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On the Hill: Association Keeps Close Tabs on DSH Funding Efforts

America’s Essential Hospitals this week is closely following congressional health care committee efforts to develop a robust legislative package to stop impending cuts to Medicaid disproportionate share hospital (DSH) funding and extend funding for several expiring health care programs.

Current funding levels expire May 22 for Medicaid DSH payments and several health care programs, such as community health centers. Congressional leaders remain interested in applying budgetary savings from drug pricing and surprise billing legislation to offset the cost of these programs. Drug pricing and surprise billing efforts are aimed at lowering patients’ out-of-pocket health care costs and are expected to produce significant savings to the federal budget.

As lawmakers continue this work, America’s Essential Hospitals has urged congressional leadership to:

  • eliminate at least the first two years of the scheduled Medicaid DSH cuts;
  • oppose a government payment solution for out-of-network care in surprise billing legislation; and
  • keep harmful policy changes to the 340B Drug Pricing Program out of legislation related to health care costs, including prescription drug pricing.

Educating Congress on MFAR

Additionally, America’s Essential Hospitals is educating lawmakers on the significant threat to Medicaid funding posed by the Centers for Medicare & Medicaid Services’ (CMS) Medicaid Fiscal Accountability Regulation (MFAR) and its potential to weaken access to care.

CMS issued the MFAR Nov. 18, 2019, and described it as a proposal to increase transparency and program integrity. America’s Essential Hospitals is deeply concerned this proposal will dramatically undermine states’ abilities to finance their share of Medicaid and impose burdensome new reporting requirements, ultimately jeopardizing the stability of the program for millions of beneficiaries.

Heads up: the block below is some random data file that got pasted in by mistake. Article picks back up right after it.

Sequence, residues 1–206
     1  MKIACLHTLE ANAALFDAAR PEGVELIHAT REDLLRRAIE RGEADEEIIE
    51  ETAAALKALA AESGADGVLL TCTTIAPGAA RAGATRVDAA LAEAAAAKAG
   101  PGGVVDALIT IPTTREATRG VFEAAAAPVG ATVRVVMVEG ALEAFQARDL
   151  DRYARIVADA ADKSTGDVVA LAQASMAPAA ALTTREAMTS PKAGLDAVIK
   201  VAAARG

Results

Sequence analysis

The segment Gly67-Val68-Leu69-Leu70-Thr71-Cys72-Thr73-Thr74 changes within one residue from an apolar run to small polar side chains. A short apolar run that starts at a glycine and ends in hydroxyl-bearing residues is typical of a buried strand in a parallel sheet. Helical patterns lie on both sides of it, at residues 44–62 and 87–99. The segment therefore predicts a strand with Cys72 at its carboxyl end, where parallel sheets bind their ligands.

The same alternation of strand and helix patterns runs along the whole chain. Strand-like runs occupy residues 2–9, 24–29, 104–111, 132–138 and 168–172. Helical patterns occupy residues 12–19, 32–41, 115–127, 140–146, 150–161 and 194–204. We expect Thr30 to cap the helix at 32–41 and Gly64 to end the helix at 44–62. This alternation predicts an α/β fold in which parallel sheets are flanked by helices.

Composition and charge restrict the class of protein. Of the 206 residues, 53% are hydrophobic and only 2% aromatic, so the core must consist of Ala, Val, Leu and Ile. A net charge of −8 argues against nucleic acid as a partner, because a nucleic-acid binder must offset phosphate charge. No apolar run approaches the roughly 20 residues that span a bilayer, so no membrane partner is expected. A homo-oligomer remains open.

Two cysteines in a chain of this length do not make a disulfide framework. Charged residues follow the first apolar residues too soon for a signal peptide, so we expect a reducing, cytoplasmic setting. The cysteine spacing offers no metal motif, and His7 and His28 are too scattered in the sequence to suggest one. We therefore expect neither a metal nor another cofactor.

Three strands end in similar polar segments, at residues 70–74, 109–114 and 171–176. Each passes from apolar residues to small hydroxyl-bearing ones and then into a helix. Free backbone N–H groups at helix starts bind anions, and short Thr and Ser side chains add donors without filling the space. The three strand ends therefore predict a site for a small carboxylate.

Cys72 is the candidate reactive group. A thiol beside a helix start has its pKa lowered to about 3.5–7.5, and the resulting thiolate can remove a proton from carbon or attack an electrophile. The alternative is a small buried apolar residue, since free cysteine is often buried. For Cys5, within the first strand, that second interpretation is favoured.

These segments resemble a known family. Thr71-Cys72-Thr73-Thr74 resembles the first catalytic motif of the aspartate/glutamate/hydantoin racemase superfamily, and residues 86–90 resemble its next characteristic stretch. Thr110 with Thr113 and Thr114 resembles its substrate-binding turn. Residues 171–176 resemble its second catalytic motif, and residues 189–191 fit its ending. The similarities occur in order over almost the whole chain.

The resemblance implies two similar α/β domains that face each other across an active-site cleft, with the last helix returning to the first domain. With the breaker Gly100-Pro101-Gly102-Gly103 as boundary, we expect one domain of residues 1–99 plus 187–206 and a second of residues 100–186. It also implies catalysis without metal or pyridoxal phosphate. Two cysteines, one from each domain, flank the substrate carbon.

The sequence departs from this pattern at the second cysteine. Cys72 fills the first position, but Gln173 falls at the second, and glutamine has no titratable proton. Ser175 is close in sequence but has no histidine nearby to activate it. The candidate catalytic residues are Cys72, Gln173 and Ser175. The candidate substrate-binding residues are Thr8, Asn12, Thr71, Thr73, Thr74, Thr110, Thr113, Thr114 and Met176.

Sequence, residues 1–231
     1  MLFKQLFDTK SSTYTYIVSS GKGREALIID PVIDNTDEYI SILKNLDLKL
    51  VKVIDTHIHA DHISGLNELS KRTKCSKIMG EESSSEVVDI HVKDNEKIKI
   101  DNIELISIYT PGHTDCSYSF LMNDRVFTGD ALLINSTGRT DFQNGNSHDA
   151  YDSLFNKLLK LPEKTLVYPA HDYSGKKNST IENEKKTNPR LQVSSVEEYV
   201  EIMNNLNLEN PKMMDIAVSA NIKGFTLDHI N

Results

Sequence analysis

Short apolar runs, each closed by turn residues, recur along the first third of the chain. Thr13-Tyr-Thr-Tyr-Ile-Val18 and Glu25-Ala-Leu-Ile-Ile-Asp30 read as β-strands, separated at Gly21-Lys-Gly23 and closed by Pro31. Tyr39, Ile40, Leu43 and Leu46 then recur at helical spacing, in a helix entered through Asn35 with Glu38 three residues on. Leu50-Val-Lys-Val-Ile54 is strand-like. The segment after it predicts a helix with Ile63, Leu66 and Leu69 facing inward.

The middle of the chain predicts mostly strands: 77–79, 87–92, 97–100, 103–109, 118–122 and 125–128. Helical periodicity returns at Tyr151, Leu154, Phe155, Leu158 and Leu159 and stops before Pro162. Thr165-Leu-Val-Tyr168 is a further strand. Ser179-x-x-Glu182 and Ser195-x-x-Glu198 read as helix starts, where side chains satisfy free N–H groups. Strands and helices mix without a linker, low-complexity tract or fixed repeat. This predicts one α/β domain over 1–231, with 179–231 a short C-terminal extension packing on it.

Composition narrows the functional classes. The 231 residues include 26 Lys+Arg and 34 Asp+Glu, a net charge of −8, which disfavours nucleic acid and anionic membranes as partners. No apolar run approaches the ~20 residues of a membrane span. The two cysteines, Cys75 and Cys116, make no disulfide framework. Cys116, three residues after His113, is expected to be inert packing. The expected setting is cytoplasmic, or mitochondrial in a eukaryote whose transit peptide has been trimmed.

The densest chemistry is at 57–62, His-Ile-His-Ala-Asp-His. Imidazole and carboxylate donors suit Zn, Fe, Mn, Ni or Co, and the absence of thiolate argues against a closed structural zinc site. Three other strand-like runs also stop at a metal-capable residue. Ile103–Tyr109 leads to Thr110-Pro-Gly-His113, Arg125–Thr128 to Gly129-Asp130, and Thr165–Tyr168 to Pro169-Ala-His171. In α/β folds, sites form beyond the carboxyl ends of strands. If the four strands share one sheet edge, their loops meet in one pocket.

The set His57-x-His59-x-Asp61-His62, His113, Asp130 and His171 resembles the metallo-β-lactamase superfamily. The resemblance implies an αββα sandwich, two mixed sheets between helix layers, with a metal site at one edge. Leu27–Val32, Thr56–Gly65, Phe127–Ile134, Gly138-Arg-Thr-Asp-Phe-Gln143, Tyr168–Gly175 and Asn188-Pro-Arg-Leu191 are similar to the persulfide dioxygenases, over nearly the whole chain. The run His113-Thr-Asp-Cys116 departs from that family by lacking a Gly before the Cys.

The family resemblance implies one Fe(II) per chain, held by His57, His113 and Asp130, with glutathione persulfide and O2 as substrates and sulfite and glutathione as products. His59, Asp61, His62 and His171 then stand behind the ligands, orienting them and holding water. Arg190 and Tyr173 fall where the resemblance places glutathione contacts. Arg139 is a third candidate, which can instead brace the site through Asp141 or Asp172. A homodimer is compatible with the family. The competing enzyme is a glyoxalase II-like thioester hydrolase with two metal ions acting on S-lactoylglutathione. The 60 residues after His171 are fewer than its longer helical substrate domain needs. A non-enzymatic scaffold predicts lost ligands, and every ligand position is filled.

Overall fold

Impeachment Trial

House Speaker Nancy Pelosi (D-CA) announced the House by the end of this week will vote to transmit the two articles of impeachment against President Trump to the Senate. The House vote also will include appointments of the House impeachment managers.

Meanwhile, Senate leaders continue to negotiate the terms and procedures that will guide the impeachment trial. Last week, Senate Majority Leader Mitch McConnell (R-KY) announced there are enough votes among Republican senators to establish rules for the trial without input from Democrats. Senate Democrats have called for the testimony of certain witnesses to be heard during the trial proceedings.

The specific timeline for the Senate trial is undetermined.

Upcoming Congressional Hearings

The House Committee on Energy and Commerce Subcommittee on Oversight and Investigations will hold a Jan. 14 hearing examining state efforts to curb the opioid crisis. State public health officials from Massachusetts, North Carolina, Pennsylvania, Rhode Island, and West Virginia will testify.

Additionally, the House Committee on Energy and Commerce Subcommittee on Health will hold a Jan. 15 hearing to consider several marijuana bills. The hearing will feature testimony from the Drug Enforcement Administration, Food and Drug Administration, and the National Institute of Health.

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About the Author

Erin Delaney is the legislative affairs associate at America's Essential Hospitals.

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